Unlike the NBA's other season awards—which are voted on by a panel of sportswriters—the executive award is voted on by a panel of 30 team executives from across the league. Each voting member fills out a ballot, casting a vote for a first, second and third place recipient. Each first place vote is worth 5 points, each second place vote is worth 3 points, and each third place vote is worth 1 point.
Ujiri received eight first place votes, six second place votes and one third place vote. He totaled 59 points and more than doubled the point total of the runner-up. Gary Sacks of the Los Angeles Clippers finished second with 28 total points.
Nets general manager finished 11th. King received two second place votes and one third place vote.
Though the award does not really count for much in the grand scheme of things, it is a bit of a surprise that King did not receive a single first place vote. King re-signed Deron Williams, traded for Joe Johnson and Reggie Evans and signed C.J. Watson and Andray Blatche. It is difficult to argue that those moves were all positives.
More importantly, the Nets improved their win total by 27 games.
But again, in the grand scheme of things, the award does not mean very much.
Hit the jump for the NBA's official release
NEW YORK, May 9, 2013 – Denver Nuggets Executive Vice President of Basketball Operations Masai Ujiri is the recipient of the 2012-13 NBA Basketball Executive of the Year award, the NBA announced today.
Ujiri was instrumental in assembling an ensemble cast – nine players averaged between 8.0 and 16.7 points and Denver’s bench ranked second overall in scoring (41.3 ppg) – that finished with the league’s fourth-best record (57-25, .695) and secured the No. 3 seed in the Western Conference Playoffs. Denver’s league-best 38-3 (.927) mark at Pepsi Center tied for the 14th best home mark in league history.
Over the summer, Ujiri augmented Denver’s roster by acquiring Andre Iguodala from Philadelphia in a four-team, 12-player deal, and he re-signed JaVale McGee and Andre Miller. Since joining the Nuggets front office prior to the 2010-11 season, Ujiri has drafted Kenneth Faried (No. 22 overall in 2011), and in addition to Iguodala, McGee and Miller, has acquired Corey Brewer, Wilson Chandler, Ty Lawson, Danilo Gallinari and Kosta Koufos via trades.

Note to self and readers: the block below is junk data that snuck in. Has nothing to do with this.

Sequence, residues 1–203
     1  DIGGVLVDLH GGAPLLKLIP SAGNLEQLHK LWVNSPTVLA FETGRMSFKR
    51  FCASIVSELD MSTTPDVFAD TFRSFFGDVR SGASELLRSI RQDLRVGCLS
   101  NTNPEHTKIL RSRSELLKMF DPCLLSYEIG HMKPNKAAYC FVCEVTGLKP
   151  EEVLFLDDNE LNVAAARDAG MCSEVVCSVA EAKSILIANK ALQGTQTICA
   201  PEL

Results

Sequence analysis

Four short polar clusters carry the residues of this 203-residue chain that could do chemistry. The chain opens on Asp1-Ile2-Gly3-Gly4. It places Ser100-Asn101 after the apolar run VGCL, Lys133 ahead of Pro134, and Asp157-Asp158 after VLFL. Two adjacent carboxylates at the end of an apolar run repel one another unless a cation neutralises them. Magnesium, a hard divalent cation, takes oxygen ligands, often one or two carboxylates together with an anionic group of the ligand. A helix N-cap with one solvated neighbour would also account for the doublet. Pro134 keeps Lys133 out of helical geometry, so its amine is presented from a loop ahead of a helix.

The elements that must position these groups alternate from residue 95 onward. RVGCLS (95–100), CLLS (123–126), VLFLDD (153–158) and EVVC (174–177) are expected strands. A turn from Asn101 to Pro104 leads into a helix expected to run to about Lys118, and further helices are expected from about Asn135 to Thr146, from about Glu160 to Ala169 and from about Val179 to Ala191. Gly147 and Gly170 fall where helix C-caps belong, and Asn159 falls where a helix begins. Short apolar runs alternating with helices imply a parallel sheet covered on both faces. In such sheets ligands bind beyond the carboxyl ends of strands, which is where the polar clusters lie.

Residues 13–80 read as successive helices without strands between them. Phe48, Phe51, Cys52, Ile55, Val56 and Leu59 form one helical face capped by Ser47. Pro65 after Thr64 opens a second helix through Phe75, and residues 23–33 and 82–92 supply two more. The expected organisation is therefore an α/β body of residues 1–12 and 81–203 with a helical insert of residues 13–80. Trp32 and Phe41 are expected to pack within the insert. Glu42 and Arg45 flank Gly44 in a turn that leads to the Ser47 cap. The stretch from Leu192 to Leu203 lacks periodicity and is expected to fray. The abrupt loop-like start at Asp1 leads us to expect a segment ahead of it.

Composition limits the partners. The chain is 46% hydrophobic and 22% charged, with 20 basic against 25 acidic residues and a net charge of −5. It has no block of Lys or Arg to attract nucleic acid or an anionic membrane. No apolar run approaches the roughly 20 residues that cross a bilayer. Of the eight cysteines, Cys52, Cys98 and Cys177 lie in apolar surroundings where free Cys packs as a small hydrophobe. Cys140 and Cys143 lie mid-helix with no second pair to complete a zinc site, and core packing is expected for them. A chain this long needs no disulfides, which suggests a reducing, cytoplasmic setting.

With those players comprising the bulk of the roster, the Nuggets opened the 2012-13 campaign as the NBA’s third-youngest team with an average age of 24.9 years. Despite their youth, the Nuggets compiled two of the seven longest winning streaks in the NBA in 2012-13, including a franchise-best-tying 15 straight wins (Feb. 23-March 23). Additionally, according to NBA.com/Stats, Denver was a Western Conference-best 24-4 (.857) after the All-Star break.
Ujiri, who spent three years with the Toronto Raptors before joining the Nuggets, was named to his current position on Aug. 27, 2010. He worked for the Nuggets organization as a scout from 2003-07, and served as the team’s director of international scouting during the 2006-07 season.
Ujiri totaled 59 points and received eight first-place votes from a panel of his fellow team basketball executives throughout the NBA. The Los Angeles Clippers’ Gary Sacks finished second with 28 points (three first-place votes) votes and the Houston Rockets’ Daryl Morey and the New York Knicks’ Glen Grunwald finished tied for third with 25 points (four first-place votes). Executives were awarded five points for each first-place vote, three points for each second-place vote and one point for each third-place vote.